The following VCIs have been chosen for these connections. The choices are made more or less randomly here, but in accordance with the requirement that they be unique to each link. Because links are generally taken to be bidirectional, a VCI used from S1 to S3 cannot be reused from S3 to S1 until the first connection closes.
- A to F: A──4──S1──6──S2──4──S4──8──S5──5──F; this path goes from S1 to S4 via S2
- A to E: A──5──S1──6──S3──3──S4──8──E; this path goes, for no particular reason, from S1 to S4 via S3, the opposite corner of the square
- A to C: A──6──S1──7──S3──3──C
- B to D: B──4──S3──8──S1──7──S2──8──D
- A to F: A──7──S1──8──S2──5──S4──9──S5──2──F
One may verify that on any one link no two different paths use the same VCI.
We now construct the actual ⟨VCI,port⟩ tables for the switches S1-S4, from the above; the table for S5 is left as an exercise. Note that either the ⟨VCIin,portin⟩ or the ⟨VCIout,portout⟩ can be used as the key; we cannot have the same pair in both the in columns and the out columns. It may help to display the port numbers for each switch, as in the upper numbers in following diagram of the above red connection from A to F (lower numbers are the VCIs):
The namespace for VCIs is small, and compact (eg contiguous). Typically the VCI and port bitfields can be concatenated to produce a ⟨VCI,Port⟩ composite value small enough that it is suitable for use as an array index. VCIs work best as local identifiers. IP addresses, on the other hand, need to be globally unique, and thus are often rather sparsely distributed.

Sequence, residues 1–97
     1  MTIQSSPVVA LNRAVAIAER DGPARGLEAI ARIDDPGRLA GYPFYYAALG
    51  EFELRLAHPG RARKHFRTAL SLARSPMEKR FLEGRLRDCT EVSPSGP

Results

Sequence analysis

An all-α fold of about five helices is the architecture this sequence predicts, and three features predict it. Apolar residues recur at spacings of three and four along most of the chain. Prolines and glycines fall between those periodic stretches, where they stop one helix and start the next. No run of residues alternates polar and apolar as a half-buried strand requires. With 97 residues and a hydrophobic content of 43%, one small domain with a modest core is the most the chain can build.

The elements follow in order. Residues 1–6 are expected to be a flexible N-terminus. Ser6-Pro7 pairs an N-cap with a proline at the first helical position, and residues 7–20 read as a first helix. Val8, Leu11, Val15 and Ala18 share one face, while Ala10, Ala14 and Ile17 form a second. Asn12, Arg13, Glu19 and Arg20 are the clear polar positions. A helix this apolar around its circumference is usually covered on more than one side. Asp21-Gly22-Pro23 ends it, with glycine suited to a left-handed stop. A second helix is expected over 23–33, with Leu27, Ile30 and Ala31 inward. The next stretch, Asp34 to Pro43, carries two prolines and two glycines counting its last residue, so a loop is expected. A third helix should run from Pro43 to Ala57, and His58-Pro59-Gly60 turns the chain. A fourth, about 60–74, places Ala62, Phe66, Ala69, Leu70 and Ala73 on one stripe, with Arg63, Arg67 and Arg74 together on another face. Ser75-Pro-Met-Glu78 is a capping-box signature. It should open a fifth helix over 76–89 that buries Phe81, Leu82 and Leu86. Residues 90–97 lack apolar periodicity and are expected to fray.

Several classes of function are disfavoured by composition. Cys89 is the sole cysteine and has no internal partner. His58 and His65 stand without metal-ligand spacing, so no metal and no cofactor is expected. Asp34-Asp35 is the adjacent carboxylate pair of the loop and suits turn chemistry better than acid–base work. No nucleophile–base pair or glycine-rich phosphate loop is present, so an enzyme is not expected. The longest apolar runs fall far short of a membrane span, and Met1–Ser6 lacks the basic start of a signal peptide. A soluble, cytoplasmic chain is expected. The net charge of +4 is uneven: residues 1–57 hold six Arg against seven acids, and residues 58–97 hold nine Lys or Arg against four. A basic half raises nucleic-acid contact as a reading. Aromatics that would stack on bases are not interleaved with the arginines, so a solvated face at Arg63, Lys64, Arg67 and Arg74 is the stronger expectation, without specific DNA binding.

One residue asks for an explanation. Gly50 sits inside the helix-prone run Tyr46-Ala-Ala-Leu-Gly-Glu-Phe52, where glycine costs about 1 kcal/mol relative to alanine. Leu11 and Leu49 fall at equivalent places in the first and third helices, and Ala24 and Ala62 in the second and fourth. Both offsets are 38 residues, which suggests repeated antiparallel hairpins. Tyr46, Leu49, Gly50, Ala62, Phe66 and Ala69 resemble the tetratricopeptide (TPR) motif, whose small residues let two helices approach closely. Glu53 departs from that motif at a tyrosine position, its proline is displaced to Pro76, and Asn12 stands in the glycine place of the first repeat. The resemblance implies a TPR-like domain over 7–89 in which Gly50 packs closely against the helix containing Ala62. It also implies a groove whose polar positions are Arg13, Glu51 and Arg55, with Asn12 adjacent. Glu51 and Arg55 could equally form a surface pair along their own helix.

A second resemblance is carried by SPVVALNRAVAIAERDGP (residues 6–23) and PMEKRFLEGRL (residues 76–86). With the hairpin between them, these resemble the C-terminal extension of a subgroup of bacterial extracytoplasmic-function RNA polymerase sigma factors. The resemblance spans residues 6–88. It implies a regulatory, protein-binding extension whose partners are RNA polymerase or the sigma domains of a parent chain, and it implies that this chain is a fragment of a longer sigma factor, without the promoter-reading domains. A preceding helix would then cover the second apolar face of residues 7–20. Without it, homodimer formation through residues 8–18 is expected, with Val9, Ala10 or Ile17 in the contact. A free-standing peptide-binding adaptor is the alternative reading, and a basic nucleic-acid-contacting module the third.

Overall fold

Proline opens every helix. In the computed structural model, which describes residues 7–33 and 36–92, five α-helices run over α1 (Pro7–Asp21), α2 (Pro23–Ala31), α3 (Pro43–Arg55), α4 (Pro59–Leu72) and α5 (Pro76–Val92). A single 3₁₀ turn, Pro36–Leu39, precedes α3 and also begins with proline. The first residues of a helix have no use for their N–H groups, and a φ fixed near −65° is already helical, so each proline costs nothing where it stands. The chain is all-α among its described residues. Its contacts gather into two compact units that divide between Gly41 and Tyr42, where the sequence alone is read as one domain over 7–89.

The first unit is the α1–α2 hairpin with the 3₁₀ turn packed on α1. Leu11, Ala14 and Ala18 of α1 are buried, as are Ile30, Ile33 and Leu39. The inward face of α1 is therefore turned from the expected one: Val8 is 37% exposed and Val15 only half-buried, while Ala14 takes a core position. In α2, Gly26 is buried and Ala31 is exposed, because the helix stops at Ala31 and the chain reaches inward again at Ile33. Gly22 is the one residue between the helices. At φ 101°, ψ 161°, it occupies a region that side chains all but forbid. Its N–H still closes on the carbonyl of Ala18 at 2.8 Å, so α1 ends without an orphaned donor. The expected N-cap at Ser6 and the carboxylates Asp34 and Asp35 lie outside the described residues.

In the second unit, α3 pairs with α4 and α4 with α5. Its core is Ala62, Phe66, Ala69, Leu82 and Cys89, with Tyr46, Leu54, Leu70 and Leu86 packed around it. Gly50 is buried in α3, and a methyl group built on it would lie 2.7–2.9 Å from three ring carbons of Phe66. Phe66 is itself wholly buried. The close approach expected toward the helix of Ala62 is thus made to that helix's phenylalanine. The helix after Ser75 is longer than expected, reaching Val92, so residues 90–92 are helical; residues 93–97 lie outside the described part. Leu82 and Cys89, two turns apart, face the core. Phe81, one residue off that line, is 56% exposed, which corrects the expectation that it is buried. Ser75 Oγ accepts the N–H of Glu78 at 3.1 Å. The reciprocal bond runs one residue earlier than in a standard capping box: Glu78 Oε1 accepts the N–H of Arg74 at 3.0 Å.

Virtual-circuit switching offers the following advantages:
- connections can get quality-of-service guarantees, because the switches are aware of connections and can reserve capacity at the time the connection is made
- headers are smaller, allowing faster throughput
- headers are small enough to allow efficient support for the very small packet sizes that are optimal for voice connections. ATM packets, for instance, have 48 bytes of data; see below.
Datagram forwarding, on the other hand, offers these advantages:
- Routers have less state information to manage.
- Router crashes and partial connection state loss are not a problem.
- If a router or link is disabled, rerouting is easy and does not affect any connection state. (As mentioned in Chapter 1, this was Paul Baran’s primary concern in his 1962 paper introducing packet switching.)
- Per-connection billing is very difficult.
The last point above may once have been quite important; in the era when the ARPANET was being developed, typical daytime long-distance rates were on the order of $1/minute. It is unlikely that early TCP/IP protocol development would have been as fertile as it was had participants needed to justify per-minute billing costs for every project.
It is certainly possible to do virtual-circuit switching with globally unique VCIs – say the concatenation of source and destination IP addresses and port numbers. The IP-based RSVP protocol (20.6 RSVP) does exactly this. However, the fast-lookup and small-header advantages of a compact namespace are then lost.
Multi-Protocol Label Switching (20.12 Multi-Protocol Label Switching (MPLS)) is another IP-based application of virtual circuits.
Note that virtual-circuit switching does not suffer from the problem of idle channels still consuming resources, which is an issue with circuits using time-division multiplexing (eg shared T1 lines)